AFI Fest presented by Audi (which ran November 3-10 in Los Angeles) was cut short by the untimely death of a close friend that required me to travel, I was able to see what are shaping up to be several of this year's major awards contenders. I missed screenings of a few other ballyhooed upcoming releases including Shame, My Week with Marilyn and Luc Besson's The Lady, but the following gems I was able to catch at their LA premieres were more than satisfying.
Carnage: I despised the Broadway/LA production of the award-winning play, God of Carnage, upon which Roman Polanski's star-studded movie is based and approached it with trepidation. Imagine my surprise, then, to find the film a vast improvement over its source material. The movie is tighter (it runs a lean 80 minutes), less literal/pretentious in its staging, and -- most importantly for a comedy -- funnier. Polanski wisely adds an opening depiction of the playground violence that instigates the initially-civilized meeting of two sets of parents played by Jodie Foster, John C. Reilly, Christoph Waltz (a particular standout) and Kate Winslet, as well as a delightful denouement featuring a much-discussed hamster. Carnage is scheduled for release in LA and New York on December 16 and will expand nationally in January.
Melancholia: From controversial writer-director Lars Von Trier (Dancer in the Dark, Antichrist) comes what is probably his most hopeful film to date, despite the fact it culminates in the apocalypse. Kirsten Dunst, who was honored as Best Actress at this year's Cannes Film Festival for her performance here, stars as a woman suffering from clinical depression so inconsolably that not even her lavish wedding to True Blood's Alexander Skarsgaard brings relief. She does however find an unusually comforting emotional (and possibly even sexual) connection to a recently discovered planet, Melancholia, that may be on a collision course with Earth. Von Trier employs an all-star cast (including Charlotte Gainsbourg, Kiefer Sutherland, John Hurt and a chilling Charlotte Rampling), evocative imagery and Wagner's prelude to his opera Tristan und Isolde to spectacular, haunting effect. The movie is now playing in Los Angeles and is available through Video on Demand, although it should be seen on the big screen to be fully appreciated.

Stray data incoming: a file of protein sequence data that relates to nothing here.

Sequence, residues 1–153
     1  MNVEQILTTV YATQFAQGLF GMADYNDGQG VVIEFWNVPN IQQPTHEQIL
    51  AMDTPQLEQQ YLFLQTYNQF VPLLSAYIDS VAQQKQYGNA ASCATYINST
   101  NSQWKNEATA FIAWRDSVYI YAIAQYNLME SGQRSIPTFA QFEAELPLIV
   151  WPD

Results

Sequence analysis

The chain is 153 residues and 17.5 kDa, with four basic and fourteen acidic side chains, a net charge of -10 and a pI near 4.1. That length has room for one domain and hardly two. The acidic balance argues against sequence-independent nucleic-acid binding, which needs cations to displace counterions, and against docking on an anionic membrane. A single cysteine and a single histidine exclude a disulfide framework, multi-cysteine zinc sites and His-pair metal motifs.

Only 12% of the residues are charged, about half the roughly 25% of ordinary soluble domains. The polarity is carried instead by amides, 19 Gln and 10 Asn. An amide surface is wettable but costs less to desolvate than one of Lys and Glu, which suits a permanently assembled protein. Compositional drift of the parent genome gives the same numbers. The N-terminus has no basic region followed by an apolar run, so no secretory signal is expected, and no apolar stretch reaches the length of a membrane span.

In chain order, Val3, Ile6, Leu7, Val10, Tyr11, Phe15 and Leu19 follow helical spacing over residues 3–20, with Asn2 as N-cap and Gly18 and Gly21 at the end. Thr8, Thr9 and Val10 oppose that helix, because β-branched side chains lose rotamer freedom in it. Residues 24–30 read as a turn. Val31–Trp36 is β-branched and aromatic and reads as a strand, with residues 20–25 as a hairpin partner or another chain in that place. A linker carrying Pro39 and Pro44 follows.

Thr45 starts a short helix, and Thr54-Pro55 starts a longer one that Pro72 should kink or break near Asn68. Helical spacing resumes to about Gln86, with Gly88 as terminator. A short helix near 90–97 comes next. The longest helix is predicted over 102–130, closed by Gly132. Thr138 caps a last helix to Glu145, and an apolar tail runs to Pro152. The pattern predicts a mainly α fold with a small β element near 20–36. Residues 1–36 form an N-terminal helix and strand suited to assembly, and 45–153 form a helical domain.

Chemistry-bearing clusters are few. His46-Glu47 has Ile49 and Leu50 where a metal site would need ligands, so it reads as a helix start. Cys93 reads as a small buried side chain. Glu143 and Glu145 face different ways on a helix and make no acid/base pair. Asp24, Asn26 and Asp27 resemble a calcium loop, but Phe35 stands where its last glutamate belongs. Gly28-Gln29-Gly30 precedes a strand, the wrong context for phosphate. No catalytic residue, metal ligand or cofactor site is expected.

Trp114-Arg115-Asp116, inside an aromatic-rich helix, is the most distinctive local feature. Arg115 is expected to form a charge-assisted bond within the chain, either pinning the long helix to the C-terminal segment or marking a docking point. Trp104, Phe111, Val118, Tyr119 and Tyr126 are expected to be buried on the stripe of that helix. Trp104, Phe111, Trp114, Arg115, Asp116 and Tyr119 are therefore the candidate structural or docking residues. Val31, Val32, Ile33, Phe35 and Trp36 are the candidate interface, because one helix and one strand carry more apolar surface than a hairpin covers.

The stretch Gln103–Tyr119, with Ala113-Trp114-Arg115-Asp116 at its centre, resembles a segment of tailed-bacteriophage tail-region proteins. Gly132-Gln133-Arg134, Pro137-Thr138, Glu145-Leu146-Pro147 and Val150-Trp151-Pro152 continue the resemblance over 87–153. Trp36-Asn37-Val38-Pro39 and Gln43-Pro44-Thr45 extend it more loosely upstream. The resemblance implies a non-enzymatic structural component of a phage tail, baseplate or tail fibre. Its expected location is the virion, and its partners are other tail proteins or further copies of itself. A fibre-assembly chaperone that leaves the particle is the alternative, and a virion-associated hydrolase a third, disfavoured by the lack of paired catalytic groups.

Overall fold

We Need to Talk About Kevin: The fearless Tilda Swinton plays grieving, persecuted mother to a teenaged son who slaughtered several schoolmates in Lynne Ramsay's superbly crafted, deeply unsettling adaptation of Lionel Shriver's novel. A Bad Seed for the 21st century, it raises provocative questions about nature vs. nurture when it comes to the development of sociopathic children. As Swinton said at a post-screening Q&A session, We Need to Talk About Kevin is "the play Euripides didn't have the balls to write." I consider Swinton a shoo-in for an Oscar nomination as the searching Eva, with her fellow nominees likely to include Meryl Streep in The Iron Lady, Glenn Close in Albert Nobbs, Viola Davis in The Help, and either Kiera Knightley in A Dangerous Method or Dunst. Swinton's co-star Ezra Miller is also a potential nominee for his frightening performance as Kevin. The film will open theatrically in December.
The final day of AFI Fest 2011 featured the North American premiere of Steven Spielberg and Peter Jackson's motion-capture epic, The Adventures of Tintin, as well as award presentations. The Audience Award for best film in the festival's Breakthrough section went to the lesbian-themed With Every Heartbeat, which I reviewed here last week. It is encouraging to see many mainstream film festivals this year honoring GLBT films, with Weekend serving as another example. Our congratulations go out to Alexandra-Therese Keining, writer-director of With Every Heartbeat, and all the filmmakers spotlighted at this year's AFI Fest.
We Need to Talk About Kevin: A-
Review by Rev. Chris Carpenter, resident film critic of Movie Dearest and the Blade California.